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The Poet and the Dentist:

Stéphane Mallarmé and Thomas Evans
Édouard Manet, painting of Stéphane Mallarmé, 1876.  Collection of the Musée d' Orsay, Paris
Édouard Manet, painting of Stéphane Mallarmé, 1876. Collection of the Musée d' Orsay, Paris

On exhibit July 24, 2017 - November 24, 2017

Writing to his parents in 1859, Thomas W. Evans (1823-1897) told them that he had “determined at an early age to make a high reputation to gain celebrity Position and fortune . . . to build up a dinasty that I should be no less Proud of than Napoleon was of his—because mine should be as his was founded upon industry activity and having for its object a benefit to mankind.” His egotism (if “egotism” really is how we understand his determination) did not keep Evans from displaying a genius for friendship. His patients and associations included the French Emperor Napoleon III, his wife, the Empress Eugénie, and—the subject of this show—French poet and essayist Stéphane Mallarmé (1842-1898). Evans, a Philadelphia native, left his estate to the University of Pennsylvania to create and maintain a dental school that would be "second to none."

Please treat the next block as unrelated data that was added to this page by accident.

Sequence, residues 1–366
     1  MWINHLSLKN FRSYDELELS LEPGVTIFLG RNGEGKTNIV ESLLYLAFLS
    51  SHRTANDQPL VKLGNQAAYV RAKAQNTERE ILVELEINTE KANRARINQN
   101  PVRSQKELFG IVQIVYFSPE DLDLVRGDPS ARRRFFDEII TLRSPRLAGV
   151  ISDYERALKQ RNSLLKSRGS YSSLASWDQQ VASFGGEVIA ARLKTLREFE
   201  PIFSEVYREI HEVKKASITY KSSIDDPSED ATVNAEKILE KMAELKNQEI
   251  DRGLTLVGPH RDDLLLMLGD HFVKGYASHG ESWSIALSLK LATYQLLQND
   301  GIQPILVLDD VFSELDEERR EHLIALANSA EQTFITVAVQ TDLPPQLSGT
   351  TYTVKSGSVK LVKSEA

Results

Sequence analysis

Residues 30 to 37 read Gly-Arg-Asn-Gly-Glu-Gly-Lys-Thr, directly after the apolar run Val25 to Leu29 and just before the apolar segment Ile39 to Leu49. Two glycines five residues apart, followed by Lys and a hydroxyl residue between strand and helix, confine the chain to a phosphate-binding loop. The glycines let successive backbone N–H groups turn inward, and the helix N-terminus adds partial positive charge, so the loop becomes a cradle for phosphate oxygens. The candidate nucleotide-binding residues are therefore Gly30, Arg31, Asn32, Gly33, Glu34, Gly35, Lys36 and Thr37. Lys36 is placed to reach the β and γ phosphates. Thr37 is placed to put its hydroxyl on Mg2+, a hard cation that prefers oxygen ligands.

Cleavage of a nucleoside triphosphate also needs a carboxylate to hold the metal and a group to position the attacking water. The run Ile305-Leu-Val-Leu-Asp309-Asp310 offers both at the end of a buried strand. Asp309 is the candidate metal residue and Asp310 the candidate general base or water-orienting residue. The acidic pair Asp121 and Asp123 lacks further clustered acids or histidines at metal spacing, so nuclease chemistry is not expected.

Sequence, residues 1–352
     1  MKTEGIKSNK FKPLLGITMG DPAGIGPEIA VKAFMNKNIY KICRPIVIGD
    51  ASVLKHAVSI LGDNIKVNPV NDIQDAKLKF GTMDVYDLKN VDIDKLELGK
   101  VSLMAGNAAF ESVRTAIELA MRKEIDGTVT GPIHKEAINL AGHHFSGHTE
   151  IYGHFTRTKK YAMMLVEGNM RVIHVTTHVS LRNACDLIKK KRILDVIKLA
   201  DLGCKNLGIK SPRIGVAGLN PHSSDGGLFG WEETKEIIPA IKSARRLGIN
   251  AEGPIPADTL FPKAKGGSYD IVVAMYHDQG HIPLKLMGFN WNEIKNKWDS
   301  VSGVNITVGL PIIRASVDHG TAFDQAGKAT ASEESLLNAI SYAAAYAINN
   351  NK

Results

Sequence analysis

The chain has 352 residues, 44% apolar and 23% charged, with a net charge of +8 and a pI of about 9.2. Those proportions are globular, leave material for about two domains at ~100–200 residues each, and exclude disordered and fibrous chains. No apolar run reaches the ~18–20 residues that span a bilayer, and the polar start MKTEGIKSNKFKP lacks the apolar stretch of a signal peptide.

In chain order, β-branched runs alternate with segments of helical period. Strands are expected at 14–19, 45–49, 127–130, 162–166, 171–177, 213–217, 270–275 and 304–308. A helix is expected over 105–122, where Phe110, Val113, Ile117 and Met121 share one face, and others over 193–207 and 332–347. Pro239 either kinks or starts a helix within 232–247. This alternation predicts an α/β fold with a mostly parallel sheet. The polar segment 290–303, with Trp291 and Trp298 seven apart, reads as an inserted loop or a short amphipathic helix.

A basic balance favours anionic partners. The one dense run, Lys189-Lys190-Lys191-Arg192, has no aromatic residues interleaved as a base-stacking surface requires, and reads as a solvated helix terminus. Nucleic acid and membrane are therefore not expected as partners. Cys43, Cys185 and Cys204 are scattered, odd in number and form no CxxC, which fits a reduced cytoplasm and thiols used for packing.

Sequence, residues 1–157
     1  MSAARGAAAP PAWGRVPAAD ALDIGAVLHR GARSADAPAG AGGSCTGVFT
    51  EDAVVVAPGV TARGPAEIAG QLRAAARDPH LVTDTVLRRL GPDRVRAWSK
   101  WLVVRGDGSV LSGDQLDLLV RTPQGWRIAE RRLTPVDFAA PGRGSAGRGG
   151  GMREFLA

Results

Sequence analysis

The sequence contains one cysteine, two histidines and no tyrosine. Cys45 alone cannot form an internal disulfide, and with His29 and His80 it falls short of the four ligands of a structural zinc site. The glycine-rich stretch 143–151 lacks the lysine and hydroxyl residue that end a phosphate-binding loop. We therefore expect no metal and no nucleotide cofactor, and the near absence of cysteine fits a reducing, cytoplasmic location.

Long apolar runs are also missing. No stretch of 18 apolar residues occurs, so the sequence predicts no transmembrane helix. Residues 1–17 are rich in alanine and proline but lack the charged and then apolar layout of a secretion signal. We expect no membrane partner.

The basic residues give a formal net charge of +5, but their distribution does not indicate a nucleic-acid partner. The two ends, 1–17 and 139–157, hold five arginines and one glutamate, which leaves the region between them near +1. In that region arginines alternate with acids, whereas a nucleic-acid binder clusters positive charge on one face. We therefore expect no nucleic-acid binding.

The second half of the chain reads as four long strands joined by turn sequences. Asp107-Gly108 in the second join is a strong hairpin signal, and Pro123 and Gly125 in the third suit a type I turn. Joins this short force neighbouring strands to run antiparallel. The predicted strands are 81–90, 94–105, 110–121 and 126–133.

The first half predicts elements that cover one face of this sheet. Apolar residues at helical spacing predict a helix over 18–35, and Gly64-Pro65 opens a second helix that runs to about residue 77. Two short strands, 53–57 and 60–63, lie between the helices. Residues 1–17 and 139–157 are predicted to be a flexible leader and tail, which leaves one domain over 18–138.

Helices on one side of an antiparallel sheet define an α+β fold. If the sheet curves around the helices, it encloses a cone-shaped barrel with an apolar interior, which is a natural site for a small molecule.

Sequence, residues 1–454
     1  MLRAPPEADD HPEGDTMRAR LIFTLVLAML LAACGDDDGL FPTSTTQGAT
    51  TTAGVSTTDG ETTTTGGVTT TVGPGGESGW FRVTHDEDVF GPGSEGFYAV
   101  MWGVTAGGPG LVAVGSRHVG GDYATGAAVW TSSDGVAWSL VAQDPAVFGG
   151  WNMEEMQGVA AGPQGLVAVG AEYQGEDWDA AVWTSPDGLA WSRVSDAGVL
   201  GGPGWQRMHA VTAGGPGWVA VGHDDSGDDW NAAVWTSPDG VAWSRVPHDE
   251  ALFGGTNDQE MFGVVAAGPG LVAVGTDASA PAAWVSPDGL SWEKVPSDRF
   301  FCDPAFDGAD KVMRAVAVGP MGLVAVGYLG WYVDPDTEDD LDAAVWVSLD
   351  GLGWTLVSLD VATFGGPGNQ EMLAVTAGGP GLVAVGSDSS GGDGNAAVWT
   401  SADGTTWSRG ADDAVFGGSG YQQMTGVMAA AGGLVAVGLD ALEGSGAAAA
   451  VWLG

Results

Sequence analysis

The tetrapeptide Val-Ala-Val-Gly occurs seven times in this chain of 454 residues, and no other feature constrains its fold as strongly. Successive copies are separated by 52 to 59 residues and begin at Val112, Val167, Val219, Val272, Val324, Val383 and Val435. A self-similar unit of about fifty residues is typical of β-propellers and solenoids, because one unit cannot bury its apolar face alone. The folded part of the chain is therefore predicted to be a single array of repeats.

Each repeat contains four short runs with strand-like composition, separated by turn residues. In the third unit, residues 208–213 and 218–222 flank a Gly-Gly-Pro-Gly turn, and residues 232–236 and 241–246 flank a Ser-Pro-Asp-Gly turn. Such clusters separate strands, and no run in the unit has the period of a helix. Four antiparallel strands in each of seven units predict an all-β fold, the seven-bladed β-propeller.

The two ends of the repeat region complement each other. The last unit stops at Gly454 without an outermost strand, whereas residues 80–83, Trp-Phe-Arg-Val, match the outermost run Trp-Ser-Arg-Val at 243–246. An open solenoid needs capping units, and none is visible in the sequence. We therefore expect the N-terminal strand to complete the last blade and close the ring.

Highly regarded in his own time, Mallarmé remains significant. His work influenced such 20th-century American poets as Robert Frost, Ezra Pound, T. S. Eliot, and Wallace Stevens. He was interested in American as well as British English language and literature. One contact bringing Evans and Mallarmé together was Paris’s “club américain.” But theirs was more than a purely professional or business-like relationship. This small exhibition looks at many aspects of the relationship between the poet and the dentist.

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